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Boycott Feedlot "Organics"
- Land of milk and money - Salon.com
Critics say Horizon and other mass-production dairies don't deserve the organic label -- and that the USDA needs to come up with a real definition.
The carton shows a smiling cow and talks about "clean water, fresh air, organic pasture and exercise."
But is that the reality?
The organic dairy industry has been invaded by impostors. Organic foods are now a $14 billion industry in the United States, and still growing. You can hardly blame corporations for wanting to get a slice of that. Unfortunately, some of the same corporations that once drove small family farmers out of conventional dairying are now trying to do the same to the organic industry.
Horizon Organics, owned by Dean Foods, now controls 70% of the $ 1 billion organic dairy industry, but its farms are hardly full of happy, smiling cows. Instead, many of Horizon's cows live under conditions little better than feedlots. Though Horizon and other corporate organic dairies may follow the letter of the law, they abuse the spirit, and are working to weaken organic standards even farther.
In addition to keeping their cows under feedlot-like conditions, these large organic dairies often purchase replacement animals from conventionally raised heifers who have spent the first part of their lives consuming feed that may have been genetically modified or treated with chemical pesticides or herbicides, and in many cases may have contained large doses of antibiotics, growth hormones, and animal byproducts. This is of particular concern for dairy products because many harmful chemicals collect in fat cells, including breast tissue, and may pass into milk.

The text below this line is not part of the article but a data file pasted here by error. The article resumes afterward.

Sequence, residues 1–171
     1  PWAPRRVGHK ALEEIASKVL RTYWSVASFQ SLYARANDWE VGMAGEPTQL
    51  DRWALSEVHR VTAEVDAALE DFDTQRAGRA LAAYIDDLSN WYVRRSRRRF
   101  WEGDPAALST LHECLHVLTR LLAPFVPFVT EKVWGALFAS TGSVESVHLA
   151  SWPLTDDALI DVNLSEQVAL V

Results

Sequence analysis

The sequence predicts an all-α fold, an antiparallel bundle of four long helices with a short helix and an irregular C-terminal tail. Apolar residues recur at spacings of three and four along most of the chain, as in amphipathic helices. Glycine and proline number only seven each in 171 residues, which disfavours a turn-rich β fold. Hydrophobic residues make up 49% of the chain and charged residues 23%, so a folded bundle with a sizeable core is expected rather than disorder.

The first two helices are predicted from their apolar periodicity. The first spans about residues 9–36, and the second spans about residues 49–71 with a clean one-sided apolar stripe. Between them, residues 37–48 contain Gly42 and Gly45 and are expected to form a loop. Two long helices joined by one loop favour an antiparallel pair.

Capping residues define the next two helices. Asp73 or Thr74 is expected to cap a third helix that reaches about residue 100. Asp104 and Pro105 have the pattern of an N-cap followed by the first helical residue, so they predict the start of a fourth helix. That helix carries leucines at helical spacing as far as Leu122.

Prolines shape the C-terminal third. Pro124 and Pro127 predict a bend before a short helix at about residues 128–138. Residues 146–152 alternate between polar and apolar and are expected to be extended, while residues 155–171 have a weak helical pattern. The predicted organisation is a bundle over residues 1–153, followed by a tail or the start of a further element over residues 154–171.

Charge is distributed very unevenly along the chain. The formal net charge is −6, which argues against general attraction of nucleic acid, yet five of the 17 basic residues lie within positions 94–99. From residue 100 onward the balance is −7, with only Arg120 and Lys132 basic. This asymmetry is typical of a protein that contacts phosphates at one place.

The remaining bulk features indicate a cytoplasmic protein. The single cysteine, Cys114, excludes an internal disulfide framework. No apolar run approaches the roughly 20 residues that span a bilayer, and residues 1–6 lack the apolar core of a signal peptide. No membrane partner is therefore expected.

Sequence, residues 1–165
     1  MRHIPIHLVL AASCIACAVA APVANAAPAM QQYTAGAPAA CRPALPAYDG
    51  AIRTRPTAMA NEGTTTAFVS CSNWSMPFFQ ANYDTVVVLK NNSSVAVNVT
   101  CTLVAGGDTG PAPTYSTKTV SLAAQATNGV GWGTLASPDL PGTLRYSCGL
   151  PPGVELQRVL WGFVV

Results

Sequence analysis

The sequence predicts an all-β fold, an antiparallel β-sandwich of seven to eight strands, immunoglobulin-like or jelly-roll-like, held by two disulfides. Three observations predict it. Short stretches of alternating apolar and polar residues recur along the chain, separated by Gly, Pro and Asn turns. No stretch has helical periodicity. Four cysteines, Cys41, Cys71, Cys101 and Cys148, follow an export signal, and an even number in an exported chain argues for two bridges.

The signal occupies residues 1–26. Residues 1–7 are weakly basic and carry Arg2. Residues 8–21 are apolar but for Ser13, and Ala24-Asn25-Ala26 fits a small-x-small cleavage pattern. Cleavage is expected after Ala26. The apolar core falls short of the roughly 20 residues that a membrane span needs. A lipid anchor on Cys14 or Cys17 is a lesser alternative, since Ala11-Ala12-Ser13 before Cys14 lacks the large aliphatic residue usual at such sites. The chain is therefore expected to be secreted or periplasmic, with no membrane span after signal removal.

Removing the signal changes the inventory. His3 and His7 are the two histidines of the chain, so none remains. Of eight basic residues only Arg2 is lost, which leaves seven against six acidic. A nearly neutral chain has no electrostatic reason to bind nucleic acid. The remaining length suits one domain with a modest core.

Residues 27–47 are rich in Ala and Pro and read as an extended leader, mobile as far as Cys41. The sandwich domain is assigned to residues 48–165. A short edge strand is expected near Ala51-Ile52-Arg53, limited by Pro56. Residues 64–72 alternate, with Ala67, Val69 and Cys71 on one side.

For these and other reasons, the Organic Consumers Association called for a boycott of Horizon and Aurora Organic Dairy products in 2006.
So How Do I Know Who's Really Organic?
Don't give up on organic dairy products just because some companies choose profits over ethics.
The Cornucopia Institute, a respected sustainable agriculture watchdog group, conducted a nationwide survey of organic dairies and rated the results on scales of 5 Cows (Outstanding) to No Cows (Ethically Deficient).
Although more ethical nationwide organic dairies are available, the best choice is locally-produced, grass-fed dairy products. Milk from cows raised and fed exclusively on pasture has many health benefits for the consumer, including higher levels of healthy Omega 3 fatty acids and many vitamins and minerals, as well as being more humane and better for the environment. You can find information about local organic dairies at Local Harvest or Eat Wild.